After selecting the right keywords for your Search Engine Optimization (SEO) campaign, the next step is to optimize your website. In this tutorial, we’ll teach you how to make low-effort improvements that can have a big impact on website performance.
Optimizing your website simply means improving the way your website works to meet a specific objective. You can optimize your website for search engines, page speed, mobile devices, or conversions.
In this tutorial, we’ll focus on two objectives: optimizing for search engines and optimizing for conversions. This way your SEO campaign can produce two very important results:
- More website users from search engines
- A higher conversion rate for all website users
|Tools You’ll Need:
How to Begin Optimizing Your Website:
Establish Website Goals
Before optimizing your website, we need to know what we’re optimizing for. Write down the most valuable actions that someone can do on your website. These actions are also called ‘conversions.’ The percentage of users that complete these desired actions is your conversion rate.
Here are some common website conversions:
- Order Online
- Make a Reservation
- Click to Call
- Get Directions
- Form Submission
- Sign up for the Newsletter
- PDF Download (i.e. a Menu, Specification Sheet or Whitepaper)
- Click to Email
Now that we’ve established our website goals, let’s review all the pages on our website. Do you have a dedicated page for each of your website goals? For example, if a restaurant offers both Online Ordering and Reservations, we should have a dedicated page for each of these (with different text, imagery, and website goals for each page).
You may also have other buttons throughout the website that link to “Order Online” or “Make a Reservation” which help boost and repeat these dedicated website goal pages. The repetitive nature of these links will help website users when browsing the website, as people tend to use websites differently than one another.
Copywriting for Search Engines
There are three major areas to focus on when optimizing website copy for search engines. The goal is to feature your target keywords in these areas as frequently as possible, while still drafting text that makes sense and is on-brand. You’ll need to write unique text for each page on your website for these areas:
- Page Title & Meta Description
Page Titles and Meta Descriptions are short pieces of HTML code found in every web page on your website, they do not appear physically on the page. Page Titles should be 50–60 characters in length and Meta Descriptions should be 120–160 characters in length.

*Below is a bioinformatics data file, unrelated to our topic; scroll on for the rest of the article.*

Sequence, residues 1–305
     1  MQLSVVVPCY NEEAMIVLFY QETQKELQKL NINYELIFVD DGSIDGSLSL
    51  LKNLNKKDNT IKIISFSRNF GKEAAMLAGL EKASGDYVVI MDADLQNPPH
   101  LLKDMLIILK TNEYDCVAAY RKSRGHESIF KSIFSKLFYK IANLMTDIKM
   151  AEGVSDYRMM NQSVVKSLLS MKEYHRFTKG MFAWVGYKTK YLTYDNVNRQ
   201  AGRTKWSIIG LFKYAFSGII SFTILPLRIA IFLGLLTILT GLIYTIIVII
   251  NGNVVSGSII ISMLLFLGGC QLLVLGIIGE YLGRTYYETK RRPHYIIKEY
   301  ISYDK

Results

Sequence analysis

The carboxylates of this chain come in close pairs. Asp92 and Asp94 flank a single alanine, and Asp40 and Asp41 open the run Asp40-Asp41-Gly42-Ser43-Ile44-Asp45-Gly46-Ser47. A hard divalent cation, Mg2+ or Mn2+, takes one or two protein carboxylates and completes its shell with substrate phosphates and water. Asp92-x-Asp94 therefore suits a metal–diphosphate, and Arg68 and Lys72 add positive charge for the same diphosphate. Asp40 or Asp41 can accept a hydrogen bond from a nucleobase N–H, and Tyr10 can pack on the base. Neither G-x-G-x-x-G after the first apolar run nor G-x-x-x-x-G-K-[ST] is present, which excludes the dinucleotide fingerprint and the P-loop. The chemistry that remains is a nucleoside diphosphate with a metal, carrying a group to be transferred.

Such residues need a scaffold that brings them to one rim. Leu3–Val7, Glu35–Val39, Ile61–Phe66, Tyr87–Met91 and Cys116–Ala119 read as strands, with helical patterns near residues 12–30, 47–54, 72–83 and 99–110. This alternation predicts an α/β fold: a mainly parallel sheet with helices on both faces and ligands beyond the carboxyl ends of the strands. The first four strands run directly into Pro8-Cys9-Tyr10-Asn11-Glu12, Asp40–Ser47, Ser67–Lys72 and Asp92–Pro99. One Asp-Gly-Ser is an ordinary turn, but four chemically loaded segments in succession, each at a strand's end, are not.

- Page Heading (or “h1”)
The page heading is the bold title at the top of every web page. For example, many websites have an “About Us” page; it’s better for search engines (and humans) if the heading on this page says something more descriptive than just “About Us.” Get creative and see if you can write a new heading that uses one of your target keywords.
- Body Content
The body content on each web page is the most obvious area where you can use target keywords in normal sentences. Remember, the words you use on your website are the words that search engines will scan and associate with your website. If you want to rank for specific keywords, you need to include these words in the text on your website. An easy way to organize this optimization is to choose one word per page to focus on.
Pro Tip: Don’t forget that humans read this text! Make sure to use your target keywords in normal language so that the text is attractive to both humans and search engines.
Ask yourself, “What’s the most common reason that someone is visiting your website?” Is it to see if you’re open? Get directions? Or call your business? While photography and other creative elements can make the website look attractive, these elements should not disguise the most common information that users are looking for. Make sure your business name, address, phone number, and operating hours are located near the top of your landing page and are easy for users to find.
Be sure to install Google Analytics on your website so you can track how website visitors found you and what they’re doing on your site. If you’re migrating to a new website, you will want to migrate your existing Google Analytics property to the new website so you can compare the performance before and after migration.
The Website Goals (or conversions) that we established in Step 1 can also be configured in Google Analytics so that you can track and measure these actions over time. We won’t be going into detail in this tutorial on how to set up these goals, but if you’d like more information you can click here to learn how to create, edit, and share goals in Google Analytics.
|How Will You Know if it’s Working?
Here are some test criteria you can use to check if your website optimization work was done correctly.